Episode 505: Preparation for wave-particle duality topic
In the first quarter of the twentieth century physicists began to realise that particles did not always
behave like particles – they could behave like waves. They called this wave-particle duality.
This theory suggests that there is no basic distinction between a particle and a wave. The
differences that we observe arise simply from the particular experiment that we are doing at the
As with quantum theory, this is a section of the course that candidates will find completely new.
They are unlikely to have already met the wave nature of particles or the wave nature of electrons
bound within atoms.
Episode 506: Particles as waves
Episode 507: Standing waves
1. Understand that electron diffraction is evidence for wave-like behaviour.
2. Use the de Broglie equation.
3. Identify situations in which a wave model is appropriate, and in which a particle model is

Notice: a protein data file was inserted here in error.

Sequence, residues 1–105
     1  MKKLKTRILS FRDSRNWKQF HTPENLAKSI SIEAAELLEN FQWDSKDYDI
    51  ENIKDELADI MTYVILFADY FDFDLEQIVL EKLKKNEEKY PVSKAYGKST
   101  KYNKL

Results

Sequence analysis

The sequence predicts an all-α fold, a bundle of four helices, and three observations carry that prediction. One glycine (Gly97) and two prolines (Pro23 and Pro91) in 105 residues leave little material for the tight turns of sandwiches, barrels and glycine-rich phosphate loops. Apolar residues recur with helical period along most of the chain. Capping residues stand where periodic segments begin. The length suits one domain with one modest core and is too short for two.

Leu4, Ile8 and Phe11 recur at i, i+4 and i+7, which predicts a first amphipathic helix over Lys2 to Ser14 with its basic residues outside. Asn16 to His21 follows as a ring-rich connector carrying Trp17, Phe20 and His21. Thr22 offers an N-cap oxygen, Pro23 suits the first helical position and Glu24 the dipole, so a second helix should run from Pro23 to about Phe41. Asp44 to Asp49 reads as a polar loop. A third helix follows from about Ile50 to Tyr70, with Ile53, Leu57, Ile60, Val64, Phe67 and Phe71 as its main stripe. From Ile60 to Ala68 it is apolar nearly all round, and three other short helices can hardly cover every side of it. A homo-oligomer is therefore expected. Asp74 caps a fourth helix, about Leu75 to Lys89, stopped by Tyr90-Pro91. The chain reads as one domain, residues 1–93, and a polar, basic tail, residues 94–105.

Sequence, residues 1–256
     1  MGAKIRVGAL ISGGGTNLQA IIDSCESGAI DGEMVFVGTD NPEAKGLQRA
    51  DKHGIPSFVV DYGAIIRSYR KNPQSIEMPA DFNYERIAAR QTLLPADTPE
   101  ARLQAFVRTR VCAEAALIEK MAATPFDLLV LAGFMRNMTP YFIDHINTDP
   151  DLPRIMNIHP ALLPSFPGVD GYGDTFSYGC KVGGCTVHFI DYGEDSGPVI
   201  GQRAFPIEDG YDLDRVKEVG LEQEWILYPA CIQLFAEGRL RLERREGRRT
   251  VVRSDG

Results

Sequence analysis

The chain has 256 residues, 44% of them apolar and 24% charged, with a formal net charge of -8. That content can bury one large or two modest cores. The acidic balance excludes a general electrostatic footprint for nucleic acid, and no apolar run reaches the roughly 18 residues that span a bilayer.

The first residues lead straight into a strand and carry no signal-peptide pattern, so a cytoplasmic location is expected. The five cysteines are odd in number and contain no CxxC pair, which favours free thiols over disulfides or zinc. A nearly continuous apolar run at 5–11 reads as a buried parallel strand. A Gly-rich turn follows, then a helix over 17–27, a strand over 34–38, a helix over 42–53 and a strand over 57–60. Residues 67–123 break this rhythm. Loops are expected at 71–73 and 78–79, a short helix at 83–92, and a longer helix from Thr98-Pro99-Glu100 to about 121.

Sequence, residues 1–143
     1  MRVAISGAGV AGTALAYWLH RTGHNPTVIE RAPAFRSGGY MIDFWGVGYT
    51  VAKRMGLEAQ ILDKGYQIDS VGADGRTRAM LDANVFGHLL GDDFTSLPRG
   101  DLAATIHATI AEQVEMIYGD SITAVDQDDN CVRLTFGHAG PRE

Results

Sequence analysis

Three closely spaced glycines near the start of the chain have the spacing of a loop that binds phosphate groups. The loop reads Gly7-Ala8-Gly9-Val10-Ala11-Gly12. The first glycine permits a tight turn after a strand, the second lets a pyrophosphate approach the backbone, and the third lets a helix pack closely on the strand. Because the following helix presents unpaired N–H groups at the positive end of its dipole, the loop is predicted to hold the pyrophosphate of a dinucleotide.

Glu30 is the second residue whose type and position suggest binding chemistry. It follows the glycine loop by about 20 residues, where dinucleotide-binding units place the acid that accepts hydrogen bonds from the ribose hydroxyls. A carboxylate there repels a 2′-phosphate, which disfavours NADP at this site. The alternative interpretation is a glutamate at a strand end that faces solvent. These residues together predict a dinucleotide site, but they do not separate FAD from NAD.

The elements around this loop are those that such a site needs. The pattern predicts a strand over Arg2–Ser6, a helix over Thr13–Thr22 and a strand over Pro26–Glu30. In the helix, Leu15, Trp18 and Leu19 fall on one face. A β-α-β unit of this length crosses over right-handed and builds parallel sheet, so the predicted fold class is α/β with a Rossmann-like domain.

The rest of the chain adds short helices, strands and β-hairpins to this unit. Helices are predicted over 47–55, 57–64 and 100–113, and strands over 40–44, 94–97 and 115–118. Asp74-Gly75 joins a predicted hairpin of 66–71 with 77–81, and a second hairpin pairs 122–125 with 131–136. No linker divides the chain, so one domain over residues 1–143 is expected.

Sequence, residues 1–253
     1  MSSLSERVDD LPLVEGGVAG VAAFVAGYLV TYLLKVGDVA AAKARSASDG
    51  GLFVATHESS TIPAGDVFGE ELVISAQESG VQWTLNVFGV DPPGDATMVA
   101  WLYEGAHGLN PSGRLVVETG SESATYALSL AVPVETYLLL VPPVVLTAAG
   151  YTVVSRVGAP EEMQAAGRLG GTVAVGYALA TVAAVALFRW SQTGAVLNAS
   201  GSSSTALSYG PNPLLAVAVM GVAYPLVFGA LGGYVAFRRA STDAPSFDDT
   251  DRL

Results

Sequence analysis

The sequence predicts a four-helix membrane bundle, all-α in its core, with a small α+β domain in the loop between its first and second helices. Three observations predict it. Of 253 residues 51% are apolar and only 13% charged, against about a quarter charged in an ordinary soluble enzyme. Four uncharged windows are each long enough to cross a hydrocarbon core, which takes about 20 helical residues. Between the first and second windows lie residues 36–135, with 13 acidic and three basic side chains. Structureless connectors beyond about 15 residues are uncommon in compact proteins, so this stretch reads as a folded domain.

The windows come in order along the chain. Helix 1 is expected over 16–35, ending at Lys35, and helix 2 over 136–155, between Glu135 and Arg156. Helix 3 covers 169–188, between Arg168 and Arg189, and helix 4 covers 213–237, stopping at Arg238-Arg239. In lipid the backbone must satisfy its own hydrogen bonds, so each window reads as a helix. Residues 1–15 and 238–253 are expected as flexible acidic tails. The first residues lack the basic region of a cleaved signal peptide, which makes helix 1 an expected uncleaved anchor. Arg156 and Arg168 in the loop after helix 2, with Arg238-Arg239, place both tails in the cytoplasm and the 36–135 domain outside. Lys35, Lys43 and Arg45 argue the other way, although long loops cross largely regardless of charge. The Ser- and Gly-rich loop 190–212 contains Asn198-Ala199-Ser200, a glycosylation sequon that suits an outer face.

appropriate, for explaining phenomena involving light and electrons.
4. Use a standing wave model for electrons in an atom.
Students should have an understanding of wave phenomena, including diffraction and
interference. They should know how to calculate momentum.
This work follows on from a study of the photoelectric effect.
Where this leads
These episodes merely skim the surface of quantum physics. For students who wish to learn a
little more, here is some suggested reading:
The new quantum universe; Tony Hey and Patrick Walters; CUP
Quantum physics: An introduction; J Manners; IoPP
You can extend the idea of electrons-as-waves further, to the realm of the atom.